The Panama Papers will soon be released as a searchable database of around 11.5 million documents. The International Consortium of Investigative Journalists (ICIJ) is set to release the next batch of data on 9 April at 2PM EDT (7PM BST).
The Panama Papers, the collection of documents leaked from Panamanian law firm Mossack Fonseca, is the biggest of its kind to date. The ICIJ says it will expose "top players in the offshore world, and includes information about companies, trusts, foundations and funds incorporated in 21 tax havens, from Hong Kong to Nevada in the United States. It links to people in more than 200 countries and territories."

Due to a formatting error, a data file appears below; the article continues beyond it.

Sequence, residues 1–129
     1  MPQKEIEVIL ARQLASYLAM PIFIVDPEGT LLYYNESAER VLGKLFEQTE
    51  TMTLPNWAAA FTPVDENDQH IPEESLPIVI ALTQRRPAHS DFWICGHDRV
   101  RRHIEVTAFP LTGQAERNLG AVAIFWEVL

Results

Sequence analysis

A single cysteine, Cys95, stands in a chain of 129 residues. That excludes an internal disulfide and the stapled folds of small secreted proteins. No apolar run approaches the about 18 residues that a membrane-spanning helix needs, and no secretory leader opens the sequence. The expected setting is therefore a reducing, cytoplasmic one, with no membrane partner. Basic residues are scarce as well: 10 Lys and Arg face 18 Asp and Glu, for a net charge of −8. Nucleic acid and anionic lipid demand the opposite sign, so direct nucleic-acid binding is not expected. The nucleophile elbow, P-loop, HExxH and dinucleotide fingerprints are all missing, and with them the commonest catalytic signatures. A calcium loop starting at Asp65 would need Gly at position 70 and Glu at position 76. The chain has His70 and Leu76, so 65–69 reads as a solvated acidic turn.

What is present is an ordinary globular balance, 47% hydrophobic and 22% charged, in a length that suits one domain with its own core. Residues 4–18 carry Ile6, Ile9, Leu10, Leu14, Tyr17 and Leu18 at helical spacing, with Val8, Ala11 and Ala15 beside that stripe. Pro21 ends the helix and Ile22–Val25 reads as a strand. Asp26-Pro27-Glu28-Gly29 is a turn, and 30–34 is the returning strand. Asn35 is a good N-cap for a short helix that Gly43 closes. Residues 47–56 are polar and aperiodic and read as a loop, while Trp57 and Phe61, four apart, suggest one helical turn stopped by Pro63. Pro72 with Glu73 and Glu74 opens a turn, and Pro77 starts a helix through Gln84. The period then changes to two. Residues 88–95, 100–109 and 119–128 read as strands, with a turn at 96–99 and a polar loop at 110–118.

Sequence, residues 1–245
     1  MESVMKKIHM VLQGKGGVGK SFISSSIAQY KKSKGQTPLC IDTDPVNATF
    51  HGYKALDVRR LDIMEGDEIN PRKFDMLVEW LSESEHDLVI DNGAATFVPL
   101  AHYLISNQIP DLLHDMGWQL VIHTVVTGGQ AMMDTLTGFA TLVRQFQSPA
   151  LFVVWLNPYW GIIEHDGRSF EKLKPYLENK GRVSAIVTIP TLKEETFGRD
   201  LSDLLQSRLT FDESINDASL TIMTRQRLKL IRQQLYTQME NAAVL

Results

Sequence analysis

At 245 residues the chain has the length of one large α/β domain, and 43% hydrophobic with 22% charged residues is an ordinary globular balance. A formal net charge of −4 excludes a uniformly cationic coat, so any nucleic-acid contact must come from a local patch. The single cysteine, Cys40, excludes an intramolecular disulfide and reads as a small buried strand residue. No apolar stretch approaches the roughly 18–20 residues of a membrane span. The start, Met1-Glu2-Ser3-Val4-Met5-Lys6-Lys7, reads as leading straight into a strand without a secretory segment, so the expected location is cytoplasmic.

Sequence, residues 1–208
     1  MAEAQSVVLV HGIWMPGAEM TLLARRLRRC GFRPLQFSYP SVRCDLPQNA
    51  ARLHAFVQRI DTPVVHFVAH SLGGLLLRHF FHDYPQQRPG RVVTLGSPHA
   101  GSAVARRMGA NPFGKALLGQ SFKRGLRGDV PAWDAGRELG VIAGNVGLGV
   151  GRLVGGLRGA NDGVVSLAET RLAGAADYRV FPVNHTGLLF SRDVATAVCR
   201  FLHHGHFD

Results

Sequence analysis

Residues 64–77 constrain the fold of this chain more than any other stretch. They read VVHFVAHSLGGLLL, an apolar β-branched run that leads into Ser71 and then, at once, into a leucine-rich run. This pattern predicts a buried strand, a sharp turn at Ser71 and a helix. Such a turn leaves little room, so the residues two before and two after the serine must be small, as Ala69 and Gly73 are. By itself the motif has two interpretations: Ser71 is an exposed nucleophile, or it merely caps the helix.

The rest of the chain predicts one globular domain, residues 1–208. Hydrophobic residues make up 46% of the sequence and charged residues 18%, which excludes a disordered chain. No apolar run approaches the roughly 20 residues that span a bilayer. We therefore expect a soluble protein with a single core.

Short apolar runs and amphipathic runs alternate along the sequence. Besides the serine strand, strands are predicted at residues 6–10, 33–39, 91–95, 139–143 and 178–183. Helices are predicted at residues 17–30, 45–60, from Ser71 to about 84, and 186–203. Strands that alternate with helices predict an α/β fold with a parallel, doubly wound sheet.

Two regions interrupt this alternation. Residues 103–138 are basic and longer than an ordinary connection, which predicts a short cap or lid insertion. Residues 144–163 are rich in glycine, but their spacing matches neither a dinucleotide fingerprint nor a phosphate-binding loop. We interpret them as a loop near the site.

The data will be made available via a dedicated ICIJ website (https://offshoreleaks.icij.org).
ICIJ deputy director Marina Walker Guevara stressed that they will not be releasing personal data en-masse. "While the database opens up a world that has never been revealed on such a massive scale, the application will not be a 'data dump' of the original documents – it will be a careful release of basic corporate information," said Guevara.
The first batch of data made public saw high-profile politicians exposed for their off-shore dealings, provoking strong reactions from the public with immediate results. Iceland's prime minster was forced to step down amid massive public protests. British Prime Minister David Cameron, Russian president Vladimir Putin ,and Chinese President Xi Jinping were also also among those mentioned in the list.
The upcoming and much anticipated release will allow anyone to search for the names of the "true owners" of the companies via Mossack Fonseca's internal records and "visualize the networks around thousands of offshore entities".